the stems are numerous stout threadlike fibers which so strengthen them that the plants are able to stand up without breaking against the strongest desert winds. It is only when the wax milkweed comes into flower or has the characteristic fusifor pods bursting and shedding their silky-tufted seeds that the plant is recognized as a true milkweed.

Sometimes it happens that the bee can not extricate the trapped appendage and it is then doomed to perish by starvation. In sandy washes where moisture is more plentiful occurs another peculiar milkweed which looks quite like a big dense cluster of dark green rush stems, each two to three, and occasionally five feet long. This is the rush milkThis plant, like all of its kind, pos- weed, sometimes called the rubber sesses most unique flowers. Rich will milkweed because of the large amount be your reward if you carefully ex- of true rubber found in its milky juice amine one. Above the five down- (up to six percent), a rubber content hanging greenish-white, yellow or pur- probably higher than that of any other plish petals are five hood-like structures Southwestern desert plant. The Indians clustered about a central broad and used the latex as an emetic and purgaflat-topped highly polished column. tive. Here again it is the peculiar This column consists of a central stigma and flat-topped style around which are joined the pollen-bearing anthers, the whole structure resembling a fivesided table. When a bee alights on the top of this shiny table, one of its legs is quite likely to slip into one of the five grooves along the table edge. As it pulls the leg free, up comes a dumbbell-shaped pollen mass clinging to it. When the insect visits other milkweed flowers the pollen mass is deposited and thus fertilization is brought about.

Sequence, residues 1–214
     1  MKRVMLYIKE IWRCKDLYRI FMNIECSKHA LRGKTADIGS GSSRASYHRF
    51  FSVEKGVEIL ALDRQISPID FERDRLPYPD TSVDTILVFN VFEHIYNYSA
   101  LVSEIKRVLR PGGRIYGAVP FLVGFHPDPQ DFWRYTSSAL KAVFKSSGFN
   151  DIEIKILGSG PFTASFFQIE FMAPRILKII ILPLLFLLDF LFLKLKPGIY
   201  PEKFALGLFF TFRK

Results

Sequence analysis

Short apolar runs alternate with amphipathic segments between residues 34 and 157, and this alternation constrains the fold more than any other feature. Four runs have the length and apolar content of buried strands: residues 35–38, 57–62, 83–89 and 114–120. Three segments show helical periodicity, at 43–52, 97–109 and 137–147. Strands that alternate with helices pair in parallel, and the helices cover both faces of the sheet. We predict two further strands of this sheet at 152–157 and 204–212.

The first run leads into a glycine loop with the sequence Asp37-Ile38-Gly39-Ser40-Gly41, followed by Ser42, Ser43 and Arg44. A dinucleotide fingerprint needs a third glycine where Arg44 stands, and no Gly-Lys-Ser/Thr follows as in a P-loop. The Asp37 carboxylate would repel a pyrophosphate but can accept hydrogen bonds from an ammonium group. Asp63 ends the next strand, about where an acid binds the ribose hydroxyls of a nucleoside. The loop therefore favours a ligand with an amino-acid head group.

Burro straw.

Mexican jumping bean.

cle, when plucked with its stem and held horizontally looks like a tiny swimming goose. Seeds of this and other milkweeds, with their flossy comas of silky hairs, were gathered in quantity during the war for use as stuffing for life-jackets. The latex is a promising source of rubber. The Southwestern Indians have long prized the fibers from which they made strong cords and durable cloth. Closely related to these largestemmed milkweeds are the slenderstemmed climbing varieties which riotously clamber over bushes and even high into desert trees growing along and in sandy washes. Their large flat clusters of purplish or greenish flowers flower and characteristic fruit which often occur in great abundance makleads to the identity of this plant as a ing these climbers among the most true milkweed. handsome of desert plants. UnfortunIn many desert areas the most abun- ately the milk which exudes so quickly dant milkweed is the eroded leaf milk- and freely from the plucked stems has weed (Asclepias erosa). Its one to a very rank sulphurous odor. several stems grow up to six feet high Most of the fig trees have a milky and are adorned along their length juice containing rubber. The India with numerous large green rough-edged rubber tree (Ficus elastica) is a fig. leaves, and later at the top with green- In the lower Viscaino-Magdalena Desish-yellow flowers or fat spindle-shaped ert of Baja California grows one of seed vessels. Usually it is found in the strangest of all wild figs. It thrives broad sand washes from below sea along the edge of rocky canyons. The level to high desert country. It often lower parts of the trunk are flattish is very abundant, especially in the pin- and spread out over the vertical suryon forest washes such as those in faces of the rocks like eels; and the northern Baja California. The ripen- roots penetrate deep into the crevices. ing seed vessel, properly called a folli- The fruits are small and rather dry, Prickly poppy.




but the Indians who formerly inhabited the area are said to have eaten them. All over the desert in the spring, summer and early autumn, from low ground to high, we see along roadsides and in washes the multitude of handsome large white-petaled orange-centered prickly poppies (Argemone). The plants, two to three feet high with beautiful blue - green notch - edged leaves, are armed throughout with stout yellow spines and even the seed vessels are full of stiff prickles. Break the stems and out oozes a deep creamcolored to yellow latex. This is said to have narcotic qualities, but not as strong as the opium poppy of com-